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ional Government, in as courteous form as could be expressed, that a ship would be provided on which he would be expected to leave Brazilian territory within twentyfour hours. To avoid, however, any popular manifestation and possible disturbance, he was required to leave between two and three o'clock on the morning of the 17th. From the palace to the landing, Cáes Pharoux, the distance is only two hundred yards. Thither the Emperor and Empresss went in a carriage, and the Princess, who was weeping incessantly, her husband, and the Princes, on foot; thence they were taken on a small launch to the gunboat Parnahyba, which at 10.15 A. M. conveyed them to Ilha Grande, where they embarked on the Brazilian steamship Alagoas, which had been chartered exclusively for them, and which immediately sailed for Lisbon. They arrived there safely after an uneventful voyage. The general sympathy everywhere felt for them was increased by the death of the ex-Empress which occurred very soon after at Oporto. Previous to their departure the Provisional Government handed to Dom Pedro a decree granting him for his future support the sum of $2,500,000, but which after his arrival in Europe he declined to accept.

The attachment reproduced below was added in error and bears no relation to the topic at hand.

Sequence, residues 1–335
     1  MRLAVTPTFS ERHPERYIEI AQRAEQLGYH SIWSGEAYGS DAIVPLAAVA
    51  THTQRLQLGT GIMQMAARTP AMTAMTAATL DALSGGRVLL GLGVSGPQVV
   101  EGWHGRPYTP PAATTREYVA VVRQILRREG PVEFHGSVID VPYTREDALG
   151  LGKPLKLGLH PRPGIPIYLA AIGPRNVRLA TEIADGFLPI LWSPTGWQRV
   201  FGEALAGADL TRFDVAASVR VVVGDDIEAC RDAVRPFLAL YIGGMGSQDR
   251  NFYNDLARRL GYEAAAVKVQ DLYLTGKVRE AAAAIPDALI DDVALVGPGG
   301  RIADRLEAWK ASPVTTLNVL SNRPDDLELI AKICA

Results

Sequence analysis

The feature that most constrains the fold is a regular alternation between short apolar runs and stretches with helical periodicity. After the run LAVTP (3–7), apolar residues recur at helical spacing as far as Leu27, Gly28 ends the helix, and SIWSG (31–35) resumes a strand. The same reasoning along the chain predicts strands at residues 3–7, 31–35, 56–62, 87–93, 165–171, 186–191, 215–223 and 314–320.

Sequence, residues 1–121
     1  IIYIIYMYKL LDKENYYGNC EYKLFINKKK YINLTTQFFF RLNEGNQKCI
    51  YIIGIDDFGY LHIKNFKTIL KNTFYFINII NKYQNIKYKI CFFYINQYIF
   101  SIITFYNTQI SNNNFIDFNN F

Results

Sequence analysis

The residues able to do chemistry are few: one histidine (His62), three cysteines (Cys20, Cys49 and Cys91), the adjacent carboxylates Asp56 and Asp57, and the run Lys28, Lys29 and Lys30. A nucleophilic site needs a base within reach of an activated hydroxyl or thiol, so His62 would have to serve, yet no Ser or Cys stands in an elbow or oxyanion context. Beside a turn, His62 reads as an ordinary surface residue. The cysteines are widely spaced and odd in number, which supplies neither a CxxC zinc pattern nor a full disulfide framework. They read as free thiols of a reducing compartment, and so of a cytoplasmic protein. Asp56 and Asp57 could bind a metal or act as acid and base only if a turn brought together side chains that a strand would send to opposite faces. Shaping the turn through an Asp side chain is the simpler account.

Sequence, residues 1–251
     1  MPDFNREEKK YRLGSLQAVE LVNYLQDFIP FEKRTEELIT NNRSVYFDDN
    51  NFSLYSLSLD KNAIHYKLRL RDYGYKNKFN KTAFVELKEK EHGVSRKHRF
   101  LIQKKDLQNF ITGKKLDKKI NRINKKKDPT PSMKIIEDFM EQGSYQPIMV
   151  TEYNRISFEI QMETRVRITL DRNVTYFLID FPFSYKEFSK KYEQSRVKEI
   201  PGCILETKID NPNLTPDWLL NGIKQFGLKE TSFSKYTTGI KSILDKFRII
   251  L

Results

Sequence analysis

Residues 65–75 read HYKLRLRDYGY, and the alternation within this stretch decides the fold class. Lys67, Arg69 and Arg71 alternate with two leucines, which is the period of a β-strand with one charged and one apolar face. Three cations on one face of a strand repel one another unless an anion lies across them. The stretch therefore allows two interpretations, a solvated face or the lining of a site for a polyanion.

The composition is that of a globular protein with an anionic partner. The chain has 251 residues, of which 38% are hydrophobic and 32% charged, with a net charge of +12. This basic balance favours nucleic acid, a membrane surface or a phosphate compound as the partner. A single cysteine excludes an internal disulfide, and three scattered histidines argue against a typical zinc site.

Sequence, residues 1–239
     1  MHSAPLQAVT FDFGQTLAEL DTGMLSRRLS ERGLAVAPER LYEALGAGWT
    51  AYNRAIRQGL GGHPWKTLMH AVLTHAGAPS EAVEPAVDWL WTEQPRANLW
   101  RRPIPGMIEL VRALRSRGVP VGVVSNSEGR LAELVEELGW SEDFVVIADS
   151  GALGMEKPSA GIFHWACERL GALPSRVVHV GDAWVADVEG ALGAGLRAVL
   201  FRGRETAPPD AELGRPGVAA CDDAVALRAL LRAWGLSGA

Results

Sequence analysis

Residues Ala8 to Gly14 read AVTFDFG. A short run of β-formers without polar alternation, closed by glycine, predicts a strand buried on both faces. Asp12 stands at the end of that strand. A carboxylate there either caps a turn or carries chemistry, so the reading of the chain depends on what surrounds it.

The ex-Emperor, apparently much broken down, accompanied by his daughter, her husband, their three children, his grandson, Prince Pedro of Saxe-Coburg, and a numerous suite, arrived at Cannes on the 16th of January following, and took quarters at the Hôtel Beau Séjour, the first floor of which was reserved for his party. He himself occupied the same rooms he had two years before, his working-room overlooking the beautiful gardens of the hotel and the island of St. Marguerite, across the bay. There, with the exception of a few journeys that he